LIC Lecture + drinks
- Monday 27 March 2023
2333 CC Leiden
- LMUY Havinga Lecture Room, Atrium ground floor
With this event we celebrate the Marie Skłodowska-Curie postdoctoral fellowships of both Sheena Louisia and Julia Villalva Fernández.
15:30-16:30 | LMUY Havinga Lecture Room
16:30-18:00 | Atrium ground floor
Sheena Louisia: Using X-rays to investigate the electrode-electrolyte interface
Sheena Louisia (Nouméa, New Caledonia, 1995) is a post-doctoral researcher in the Catalysis and Surface Science (CASC) group at Leiden University. She received her B.Sc. in Chemistry from McGill University, Montreal, in 2016 and her Ph.D. in Chemistry from the University of California, Berkeley in 2021. There, she developed her interest in electrocatalysis through the investigation of nanomaterial design for the electroconversion of CO2 to energy-dense products under the supervision of Prof. Peidong Yang. Her expertise in this field was decisive in winning the first prize of NASA’s CO2 Conversion Challenge in 2021 where the abiotic production of sugars from CO2 was successfully optimized. Her work has resulted in more than 15 publications in top scientific journals.
Her interest in determining a better structure-activity understanding in electrocatalysis through operando characterization led her to continue her postdoctoral research under the supervision of Prof. Marc Koper and Prof. Rik Mom at Leiden University in 2022. Her research today focuses on the development of X-ray spectroscopy techniques for the investigation of electrochemical interfaces. To carry out this work, she was awarded this year with a Marie Skłodowska-Curie Actions Postdoctoral fellowship.
The successful transition of a high-energy consuming society to a sustainable model relies on our ability to harvest, store, and utilize renewable but intermittent energy sources. The management of this energy in the form of electricity implies the importance of understanding the factors that govern electron transfers at the junction of several materials. In the field of electrocatalysis, these transfers are buried in the electrolyte and confined to a solid-liquid interface which presents numerous characterization challenges for electrochemists.
Here, we will show how X-ray spectroscopy techniques can overcome some of these challenges to offer new insights into the electron transfers that take place at the electrode-electrolyte interface. We will discuss how in a dip-and-pull geometry, X-ray absorption spectroscopy (XAS) and X-ray photoelectron spectroscopy (XPS), can provide interface-sensitive information about a variety of electrochemical systems. From supporting fundamental modeling to improving the performance of carbon-free fuel electroproduction, we foresee the presented method will become a valuable tool in the field of electrochemistry at large.
Julia Villalva Fernández: Visible-light-activated transmembrane transport by photosensitized isomerization of stiff-stilbene based anion receptors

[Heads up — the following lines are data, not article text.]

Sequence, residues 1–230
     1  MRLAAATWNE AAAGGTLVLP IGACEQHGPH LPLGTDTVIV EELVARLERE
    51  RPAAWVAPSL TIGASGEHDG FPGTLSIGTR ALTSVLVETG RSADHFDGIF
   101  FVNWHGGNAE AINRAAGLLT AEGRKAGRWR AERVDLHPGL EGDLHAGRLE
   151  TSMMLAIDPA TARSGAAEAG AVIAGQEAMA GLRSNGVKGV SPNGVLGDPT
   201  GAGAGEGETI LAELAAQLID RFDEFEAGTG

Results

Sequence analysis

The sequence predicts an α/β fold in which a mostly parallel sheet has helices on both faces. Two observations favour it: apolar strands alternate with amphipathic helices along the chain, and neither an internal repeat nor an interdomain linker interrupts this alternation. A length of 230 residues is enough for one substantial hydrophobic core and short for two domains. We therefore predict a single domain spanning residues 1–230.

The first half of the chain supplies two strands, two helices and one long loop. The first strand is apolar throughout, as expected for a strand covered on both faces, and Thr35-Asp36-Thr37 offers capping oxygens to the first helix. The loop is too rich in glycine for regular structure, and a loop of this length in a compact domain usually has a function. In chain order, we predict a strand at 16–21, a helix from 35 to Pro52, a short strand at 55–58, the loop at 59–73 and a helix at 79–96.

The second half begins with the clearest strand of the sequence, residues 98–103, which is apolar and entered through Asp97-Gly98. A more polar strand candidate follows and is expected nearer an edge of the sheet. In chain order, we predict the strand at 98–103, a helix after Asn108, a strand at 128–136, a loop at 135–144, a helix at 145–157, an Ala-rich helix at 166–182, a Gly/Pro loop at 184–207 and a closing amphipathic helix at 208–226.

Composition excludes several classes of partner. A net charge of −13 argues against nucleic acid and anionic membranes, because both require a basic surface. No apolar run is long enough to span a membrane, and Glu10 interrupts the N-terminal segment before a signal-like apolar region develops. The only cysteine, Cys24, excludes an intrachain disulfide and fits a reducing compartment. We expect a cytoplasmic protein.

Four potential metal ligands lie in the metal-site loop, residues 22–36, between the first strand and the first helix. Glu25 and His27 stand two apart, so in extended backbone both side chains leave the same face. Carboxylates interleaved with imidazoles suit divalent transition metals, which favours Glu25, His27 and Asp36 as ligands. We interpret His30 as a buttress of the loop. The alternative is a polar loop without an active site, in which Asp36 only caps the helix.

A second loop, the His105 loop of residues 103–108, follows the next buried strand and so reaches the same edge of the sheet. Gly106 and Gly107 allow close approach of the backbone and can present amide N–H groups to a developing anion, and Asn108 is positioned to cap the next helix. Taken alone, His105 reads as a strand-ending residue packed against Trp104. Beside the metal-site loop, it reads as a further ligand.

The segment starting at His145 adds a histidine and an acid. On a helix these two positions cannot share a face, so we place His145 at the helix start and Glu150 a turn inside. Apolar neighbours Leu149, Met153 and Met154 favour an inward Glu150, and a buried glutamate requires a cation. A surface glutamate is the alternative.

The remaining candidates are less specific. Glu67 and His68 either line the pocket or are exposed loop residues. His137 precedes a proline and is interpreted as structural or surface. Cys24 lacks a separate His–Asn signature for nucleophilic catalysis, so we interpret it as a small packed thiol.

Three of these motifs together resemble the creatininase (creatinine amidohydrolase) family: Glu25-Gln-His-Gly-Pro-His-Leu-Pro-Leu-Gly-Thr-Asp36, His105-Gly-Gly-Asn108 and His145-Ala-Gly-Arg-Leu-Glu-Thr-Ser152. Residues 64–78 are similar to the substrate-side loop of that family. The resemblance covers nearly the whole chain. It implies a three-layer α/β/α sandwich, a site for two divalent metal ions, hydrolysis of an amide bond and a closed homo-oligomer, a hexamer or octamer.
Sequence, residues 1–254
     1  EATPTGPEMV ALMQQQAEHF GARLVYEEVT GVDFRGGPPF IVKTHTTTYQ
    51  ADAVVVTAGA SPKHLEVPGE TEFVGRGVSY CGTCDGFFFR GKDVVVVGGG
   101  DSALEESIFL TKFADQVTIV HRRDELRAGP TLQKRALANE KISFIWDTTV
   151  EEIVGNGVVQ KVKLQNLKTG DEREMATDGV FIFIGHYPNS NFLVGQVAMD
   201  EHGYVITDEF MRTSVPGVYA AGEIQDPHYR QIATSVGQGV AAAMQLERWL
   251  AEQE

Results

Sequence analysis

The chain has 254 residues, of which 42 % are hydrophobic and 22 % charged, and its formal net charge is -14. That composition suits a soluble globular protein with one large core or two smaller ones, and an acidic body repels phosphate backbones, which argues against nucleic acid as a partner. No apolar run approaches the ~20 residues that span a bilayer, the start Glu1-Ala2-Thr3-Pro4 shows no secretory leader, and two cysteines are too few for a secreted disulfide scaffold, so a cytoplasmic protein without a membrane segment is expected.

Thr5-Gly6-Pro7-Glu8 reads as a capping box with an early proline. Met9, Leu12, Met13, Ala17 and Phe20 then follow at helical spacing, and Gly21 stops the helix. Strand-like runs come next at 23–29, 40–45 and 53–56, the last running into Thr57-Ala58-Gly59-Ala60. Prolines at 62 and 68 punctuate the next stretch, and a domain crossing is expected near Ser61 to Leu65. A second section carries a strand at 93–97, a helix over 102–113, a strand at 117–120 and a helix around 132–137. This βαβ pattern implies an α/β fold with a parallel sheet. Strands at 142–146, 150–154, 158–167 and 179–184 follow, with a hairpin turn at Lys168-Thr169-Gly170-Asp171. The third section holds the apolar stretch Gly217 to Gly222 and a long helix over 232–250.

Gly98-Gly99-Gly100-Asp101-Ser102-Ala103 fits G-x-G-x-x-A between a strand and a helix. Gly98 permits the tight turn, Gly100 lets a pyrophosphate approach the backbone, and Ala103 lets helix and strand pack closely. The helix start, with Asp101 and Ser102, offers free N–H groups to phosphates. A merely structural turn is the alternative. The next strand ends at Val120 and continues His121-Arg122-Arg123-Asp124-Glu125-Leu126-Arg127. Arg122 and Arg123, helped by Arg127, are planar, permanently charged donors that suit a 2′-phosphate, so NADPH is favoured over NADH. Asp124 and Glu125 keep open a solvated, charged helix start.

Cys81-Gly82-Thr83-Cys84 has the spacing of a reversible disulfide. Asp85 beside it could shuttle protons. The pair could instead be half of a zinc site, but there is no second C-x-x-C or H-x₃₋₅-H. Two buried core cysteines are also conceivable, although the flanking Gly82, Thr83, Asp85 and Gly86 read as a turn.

Julia Villalva carried out her bachelor’s and master’s thesis in Prof. J. C. Carretero group, at the Universidad Autónoma de Madrid, focusing on C-H bond functionalization using transition metal catalysts. She then moved to IMDEA Nanoscience Institute, where she obtained her PhD. During her PhD studies, she functionalized and studied the properties of 2D materials (MoS2, franckeite or cylindrite) and single-wall carbon nanotubes. During this period, she started gaining interest in the supramolecular field. She obtained a short-term stay grant from the DAAD in order to develop a project in M. von Delius group (Ulm University) merging his expertise in dynamic covalent chemistry and supramolecular chemistry and her expertise in nanomaterials functionalization and characterization.
In 2020, after defending her PhD, she started working as a scientific consultant. Her main project (with Nanocore ApS) was focused on the reinforcement of polymeric materials with carbon nanotubes and the writing of several patents derived from it. In 2022, she joined the Wezenberg group at the Leiden Institute of Chemistry as a post-doctoral researcher to work on the development of photoresponsive anion receptors and transporters.
Stimuli-responsive transmembrane anion transport proteins are essential for cellular life due to their implication in important biological functions. Supramolecular systems with analogous properties have been developed, however, most of them rely on the use of damaging UV light. The granted MSCA project (SENSiTRANS) will explore the activation of anion transporters using visible light by means of a sensitization strategy. The project will focus on the employment of photosensitizers able to trigger the isomerization of stiff-stilbene based anion receptors located in the lipid bilayer, allowing activation of passive transmembrane transport (down a concentration gradient). In addition, insertion of the photosensitizer in a vectorial manner into the lipid bilayer will be explored towards light-driven active transport (against a concentration gradient).